Mueller Report Reveals Shocking New Details About Trump, Russia, Obstruction | Daily Beast

    Mueller cannot confidently state Trump didn’t obstruct justice | POLITICO

    These are the 10 episodes Mueller investigated for obstruction of justice | Vox
  11. The Wrong Guy Member

    Mueller had everything he needed to charge Trump with obstruction, but didn't | CNN


    If Robert Mueller wanted to charge President Donald Trump with obstruction, he found all he needed to do it.

    And he found it on multiple fronts. But he didn't make a decision on whether to bring the case.

    Mueller's report Thursday walked through excruciating detail of evidence in the obstruction of justice investigation and legal analysis, hitting over and over again how prosecutors had enough to meet the legal threshold for a case against Trump.

    The special counsel examined multiple incidents for potential obstruction. It showed how Trump's actions crossed the threshold for a case when Trump confronted former FBI Director James Comey to "let" national security adviser Michael Flynn go; when Trump fired Comey; when Trump directed his former White House counsel Don McGahn to shut down Mueller; and when Trump tweeted about his former campaign chairman Paul Manafort's charges as he headed to trial.

    In each of these situations, Mueller found evidence that Trump took steps to harm an investigation, had the ability to harm an investigation and had a personal motivation to harm the investigation.

    The decision not to charge Trump with a crime means the President and his allies can claim a clean victory following the nearly two-year probe, but the evidence Mueller gathered and that Congress can still investigate suggests that conclusions about the President's actions could still come.

    Continued at

    The Episodes of Potential Obstruction of Justice by Trump in the Mueller Report | The New York Times

    "Here are the key moments in the investigation into whether President Trump obstructed justice."
  12. The Wrong Guy Member

    Colbert Gets His Copy Of The Mueller Report | The Late Show with Stephen Colbert

    "After two years of waiting (mostly) patiently, Stephen finally gets his hands on the Mueller report. And it was worth the wait."

    There's Some 'Crazy Shit' In The Mueller Report | The Late Show with Stephen Colbert

    "Did Donald Trump obstruct justice from the White House? Well, according to the Mueller report, he certainly tried to."
  13. The Wrong Guy Member

    Donald J. Trump‏ @realDonaldTrump 19 hours ago
    “Donald Trump was being framed, he fought back. That is not Obstruction.” @JesseBWatters I had the right to end the whole Witch Hunt if I wanted. I could have fired everyone, including Mueller, if I wanted. I chose not to. I had the RIGHT to use Executive Privilege. I didn’t!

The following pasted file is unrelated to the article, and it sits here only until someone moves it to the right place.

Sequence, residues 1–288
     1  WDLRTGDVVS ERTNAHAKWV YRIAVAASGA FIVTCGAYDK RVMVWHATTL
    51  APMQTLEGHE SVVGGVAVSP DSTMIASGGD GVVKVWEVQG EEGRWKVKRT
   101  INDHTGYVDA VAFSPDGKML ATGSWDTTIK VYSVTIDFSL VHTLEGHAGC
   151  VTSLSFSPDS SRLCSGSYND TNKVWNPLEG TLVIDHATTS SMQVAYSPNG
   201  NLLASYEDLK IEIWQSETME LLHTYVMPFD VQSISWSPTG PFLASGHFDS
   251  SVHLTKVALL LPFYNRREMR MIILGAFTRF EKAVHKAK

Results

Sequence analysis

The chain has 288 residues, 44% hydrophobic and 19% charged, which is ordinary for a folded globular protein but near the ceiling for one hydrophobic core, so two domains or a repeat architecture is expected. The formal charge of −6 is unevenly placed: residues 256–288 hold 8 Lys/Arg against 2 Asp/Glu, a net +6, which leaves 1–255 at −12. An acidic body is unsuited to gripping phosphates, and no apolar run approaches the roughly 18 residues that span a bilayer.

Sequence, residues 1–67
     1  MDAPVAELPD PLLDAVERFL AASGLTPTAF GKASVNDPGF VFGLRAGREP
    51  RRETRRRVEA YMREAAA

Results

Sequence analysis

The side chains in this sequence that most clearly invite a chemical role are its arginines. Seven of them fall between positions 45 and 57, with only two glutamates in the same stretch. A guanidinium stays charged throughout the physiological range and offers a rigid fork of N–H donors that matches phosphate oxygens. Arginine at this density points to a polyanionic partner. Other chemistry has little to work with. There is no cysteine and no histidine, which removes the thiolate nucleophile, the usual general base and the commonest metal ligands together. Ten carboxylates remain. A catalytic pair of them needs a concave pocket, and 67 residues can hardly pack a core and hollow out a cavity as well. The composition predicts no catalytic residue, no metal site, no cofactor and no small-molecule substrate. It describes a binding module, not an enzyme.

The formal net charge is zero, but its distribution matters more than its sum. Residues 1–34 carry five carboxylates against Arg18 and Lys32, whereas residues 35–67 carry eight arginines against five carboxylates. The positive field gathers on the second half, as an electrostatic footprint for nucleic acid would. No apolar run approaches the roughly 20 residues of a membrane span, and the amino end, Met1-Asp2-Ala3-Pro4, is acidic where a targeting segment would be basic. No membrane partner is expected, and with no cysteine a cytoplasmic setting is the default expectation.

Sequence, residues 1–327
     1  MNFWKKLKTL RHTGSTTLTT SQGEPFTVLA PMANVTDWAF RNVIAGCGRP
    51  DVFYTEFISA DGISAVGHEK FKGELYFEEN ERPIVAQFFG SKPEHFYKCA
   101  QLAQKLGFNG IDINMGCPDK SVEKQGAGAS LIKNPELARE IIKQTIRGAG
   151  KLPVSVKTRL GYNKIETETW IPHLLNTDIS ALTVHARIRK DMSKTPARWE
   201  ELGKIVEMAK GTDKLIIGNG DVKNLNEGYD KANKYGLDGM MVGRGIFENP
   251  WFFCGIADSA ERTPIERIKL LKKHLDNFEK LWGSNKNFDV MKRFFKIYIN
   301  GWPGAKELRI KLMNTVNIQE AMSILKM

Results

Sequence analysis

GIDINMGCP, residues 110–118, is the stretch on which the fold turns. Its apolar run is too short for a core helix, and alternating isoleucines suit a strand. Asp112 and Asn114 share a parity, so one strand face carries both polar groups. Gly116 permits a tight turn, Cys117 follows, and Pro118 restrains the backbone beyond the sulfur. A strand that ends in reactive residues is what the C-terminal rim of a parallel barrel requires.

Donald J. Trump‏t @realDonaldTrump 17 hours ago
    Anything the Russians did concerning the 2016 Election was done while Obama was President. He was told about it and did nothing! Most importantly, the vote was not affected.

    Donald J. Trump‏ @realDonaldTrump 17 hours ago
    When there is not an underlying crime with regard to Collusion (in fact, the whole thing was a made up fraud), it is difficult to say that someone is obstructing something. There was no underlying crime.” @marthamaccallum @FoxNews

    Donald J. Trump‏ @realDonaldTrump 16 hours ago
    “If dozens of Federal prosecutors spent two years trying to charge you with a crime, and found they couldn’t, it would mean there wasn’t any evidence you did it - and that’s what happened here - that’s what we just learned from the Mueller Report.” @TuckerCarlson

    Donald J. Trump‏ @realDonaldTrump 16 hours ago
    “The Mueller Report is perhaps the single most humiliating thing that has ever happened to the White House Press in the history of this Country. They know they lied...Many reporters lied about Russia Collusion and so much more. Clapper & Brennan, all lies” @TuckerCarlson

    Donald J. Trump‏ @realDonaldTrump 5 hours ago
    Statements are made about me by certain people in the Crazy Mueller Report, in itself written by 18 Angry Democrat Trump Haters, which are fabricated & totally untrue. Watch out for people that take so-called “notes,” when the notes never existed until needed. Because I never....

    Donald J. Trump‏ @realDonaldTrump 4 hours ago
    ...agreed to testify, it was not necessary for me to respond to statements made in the “Report” about me, some of which are total bullshit & only given to make the other person look good (or me to look bad). This was an Illegally Started Hoax that never should have happened, a...
  14. The Wrong Guy Member

    Nadler subpoenas DOJ for full version of the Mueller report | POLITICO